Researchers have been studying the act of falling in love, ways the
brain might change in a relationship, and how it all might impact men and women differently. But love and relationships are so personal and subjective, it can make these feelings very difficult to quantify.
We can talk about emotions, what love feels like, and how it might change the brain's chemistry. And we can
put lovers into MRI (magnetic resonance imaging) machines to see what their brains look like. Yet, it's still tough to say anything definitive about love. For many people, love is love, and it'll feel the same across gender lines. There can, however, be certain prescribed societal norms that can impact our habits, how we perceive love, and what we think it should look like. And those are important factors to keep in mind when thinking about how love impacts the brain.
Speaking of brains in general, we do know that the act of falling in love releases certain chemicals, such as the "feel good" hormone dopamine. And we all know that love and relationships have the potential to lead to conflicting emotions, such as stress and contentment.
But nothing is true for everyone or every gender. "The good news [...] is we are much more than our brains,"
Cyndi Darnell, a sex and relationship therapist, tells Bustle. "Brains are not fixed in ways we once thought they were." And what society expects of us, and how we are supposed to act in relationships, can certainly have an impact on this whole love thing. So, with that in mind, here are a few ways the brain might change, or at least how someone might feel differently, when men are falling in love.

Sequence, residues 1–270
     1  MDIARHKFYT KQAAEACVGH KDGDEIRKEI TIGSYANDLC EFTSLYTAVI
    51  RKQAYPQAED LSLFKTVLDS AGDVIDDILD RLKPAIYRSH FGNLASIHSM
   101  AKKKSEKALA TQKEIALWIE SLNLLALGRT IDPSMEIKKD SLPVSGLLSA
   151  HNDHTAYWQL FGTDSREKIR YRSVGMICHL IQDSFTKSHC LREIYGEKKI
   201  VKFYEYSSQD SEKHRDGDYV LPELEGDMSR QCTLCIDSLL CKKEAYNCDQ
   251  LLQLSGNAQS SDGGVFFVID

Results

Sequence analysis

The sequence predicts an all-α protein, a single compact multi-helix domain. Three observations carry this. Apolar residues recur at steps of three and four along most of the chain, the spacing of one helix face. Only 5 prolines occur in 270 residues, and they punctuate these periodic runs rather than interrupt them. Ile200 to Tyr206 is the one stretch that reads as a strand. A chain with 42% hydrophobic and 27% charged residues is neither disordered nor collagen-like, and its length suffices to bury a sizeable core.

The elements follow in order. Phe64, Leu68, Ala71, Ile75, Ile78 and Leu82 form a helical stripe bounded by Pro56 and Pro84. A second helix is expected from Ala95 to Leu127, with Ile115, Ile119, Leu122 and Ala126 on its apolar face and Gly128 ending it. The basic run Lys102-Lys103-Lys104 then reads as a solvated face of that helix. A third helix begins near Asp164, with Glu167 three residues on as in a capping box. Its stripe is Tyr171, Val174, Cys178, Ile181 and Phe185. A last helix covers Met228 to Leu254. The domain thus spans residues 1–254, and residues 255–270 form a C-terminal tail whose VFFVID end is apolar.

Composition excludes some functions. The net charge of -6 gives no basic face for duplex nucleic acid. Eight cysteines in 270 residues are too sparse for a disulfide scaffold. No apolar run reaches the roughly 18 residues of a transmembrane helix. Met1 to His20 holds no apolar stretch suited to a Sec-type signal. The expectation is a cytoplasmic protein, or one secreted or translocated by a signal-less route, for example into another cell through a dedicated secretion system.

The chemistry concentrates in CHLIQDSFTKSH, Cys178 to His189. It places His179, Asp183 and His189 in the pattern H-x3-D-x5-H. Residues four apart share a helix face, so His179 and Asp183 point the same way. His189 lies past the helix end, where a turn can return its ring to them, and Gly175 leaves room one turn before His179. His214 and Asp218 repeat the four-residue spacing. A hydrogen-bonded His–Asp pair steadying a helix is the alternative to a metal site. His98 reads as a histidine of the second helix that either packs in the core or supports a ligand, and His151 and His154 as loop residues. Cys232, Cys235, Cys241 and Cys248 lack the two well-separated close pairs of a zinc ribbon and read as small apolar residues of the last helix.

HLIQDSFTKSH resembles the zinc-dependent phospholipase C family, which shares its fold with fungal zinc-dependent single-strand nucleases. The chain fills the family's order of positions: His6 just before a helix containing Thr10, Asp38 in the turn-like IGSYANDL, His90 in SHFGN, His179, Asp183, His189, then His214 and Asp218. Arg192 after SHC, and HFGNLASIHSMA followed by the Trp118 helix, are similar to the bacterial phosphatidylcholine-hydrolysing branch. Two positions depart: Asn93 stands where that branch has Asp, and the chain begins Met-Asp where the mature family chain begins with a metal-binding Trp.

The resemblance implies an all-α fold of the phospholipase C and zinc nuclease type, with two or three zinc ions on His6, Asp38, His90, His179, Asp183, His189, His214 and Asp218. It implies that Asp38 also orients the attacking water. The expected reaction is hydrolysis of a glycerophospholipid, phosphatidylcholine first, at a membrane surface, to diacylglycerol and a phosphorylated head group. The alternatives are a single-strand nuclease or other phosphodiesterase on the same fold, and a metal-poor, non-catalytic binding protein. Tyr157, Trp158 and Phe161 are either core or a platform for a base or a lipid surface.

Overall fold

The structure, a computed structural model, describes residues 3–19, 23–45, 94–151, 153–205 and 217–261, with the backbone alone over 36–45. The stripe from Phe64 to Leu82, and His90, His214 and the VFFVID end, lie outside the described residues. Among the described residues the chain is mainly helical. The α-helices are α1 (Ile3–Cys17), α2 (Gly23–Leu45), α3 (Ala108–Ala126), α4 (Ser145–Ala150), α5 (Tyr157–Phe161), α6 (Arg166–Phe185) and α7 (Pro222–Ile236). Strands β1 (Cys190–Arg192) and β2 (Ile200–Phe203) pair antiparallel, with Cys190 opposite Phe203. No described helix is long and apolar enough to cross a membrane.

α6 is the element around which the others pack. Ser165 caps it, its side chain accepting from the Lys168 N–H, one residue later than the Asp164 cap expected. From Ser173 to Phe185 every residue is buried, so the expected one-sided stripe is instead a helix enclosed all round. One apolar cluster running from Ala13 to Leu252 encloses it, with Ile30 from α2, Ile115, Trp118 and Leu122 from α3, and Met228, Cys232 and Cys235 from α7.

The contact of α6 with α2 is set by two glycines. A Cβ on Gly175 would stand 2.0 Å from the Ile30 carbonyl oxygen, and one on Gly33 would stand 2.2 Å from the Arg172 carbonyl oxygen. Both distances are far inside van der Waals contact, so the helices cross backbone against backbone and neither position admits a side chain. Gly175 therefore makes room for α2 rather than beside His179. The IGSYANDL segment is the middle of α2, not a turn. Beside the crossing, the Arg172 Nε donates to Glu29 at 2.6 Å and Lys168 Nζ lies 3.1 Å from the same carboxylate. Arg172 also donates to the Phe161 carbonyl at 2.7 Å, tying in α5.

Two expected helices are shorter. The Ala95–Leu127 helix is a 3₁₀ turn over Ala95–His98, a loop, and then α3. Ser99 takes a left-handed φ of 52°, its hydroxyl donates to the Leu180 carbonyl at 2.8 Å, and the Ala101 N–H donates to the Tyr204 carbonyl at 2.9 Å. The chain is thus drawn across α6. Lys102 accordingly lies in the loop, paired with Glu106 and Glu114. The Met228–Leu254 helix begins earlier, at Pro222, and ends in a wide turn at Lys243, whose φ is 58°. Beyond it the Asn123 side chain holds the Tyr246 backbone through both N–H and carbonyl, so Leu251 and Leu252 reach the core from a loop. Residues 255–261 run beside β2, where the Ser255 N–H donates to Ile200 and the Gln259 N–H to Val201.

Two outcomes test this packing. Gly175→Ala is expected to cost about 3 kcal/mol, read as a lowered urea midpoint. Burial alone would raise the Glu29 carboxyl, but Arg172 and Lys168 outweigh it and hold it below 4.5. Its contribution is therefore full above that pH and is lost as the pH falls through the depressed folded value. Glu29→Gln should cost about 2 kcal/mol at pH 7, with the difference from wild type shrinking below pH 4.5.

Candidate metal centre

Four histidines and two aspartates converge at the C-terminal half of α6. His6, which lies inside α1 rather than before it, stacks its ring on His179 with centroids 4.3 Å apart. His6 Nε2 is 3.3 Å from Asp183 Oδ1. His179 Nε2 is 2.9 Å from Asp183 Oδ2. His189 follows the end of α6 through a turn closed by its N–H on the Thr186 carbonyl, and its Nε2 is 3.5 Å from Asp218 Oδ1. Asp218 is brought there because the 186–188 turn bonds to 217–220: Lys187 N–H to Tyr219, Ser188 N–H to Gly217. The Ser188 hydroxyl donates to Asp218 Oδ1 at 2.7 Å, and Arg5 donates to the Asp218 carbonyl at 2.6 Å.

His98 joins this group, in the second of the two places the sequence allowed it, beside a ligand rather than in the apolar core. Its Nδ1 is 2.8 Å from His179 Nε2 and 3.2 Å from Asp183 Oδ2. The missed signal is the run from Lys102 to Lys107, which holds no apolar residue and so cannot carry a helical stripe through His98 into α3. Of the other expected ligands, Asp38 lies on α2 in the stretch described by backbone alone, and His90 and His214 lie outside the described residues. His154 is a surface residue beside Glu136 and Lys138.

Men Can Experience A Drop In Libido
Some studies have shown that men in long-term relationships might
experience a drop in libido over time. But it may not be due to the relationship itself, so it's important not to jump to conclusions or assume this will happen to everyone.
"The reasons are wide and varied including thoughts, feelings and experiences of themselves as men, what turns them on, and their knowledge of sex and adequate sex education," Darnell says. "These things are likely to affect brain chemistry, but no more then anything else we do."
For men experiencing a drop in libido, they can speak with their partner or even a therapist to try and get to the bottom of the issue. They can also see a doctor to make sure it's not caused by a medical issue, such as a
hormonal imbalance or depression.
A study out of The University of Kentucky also found that "men often lose interest when they feel insecure, when they worry they are losing autonomy in a relationship, or when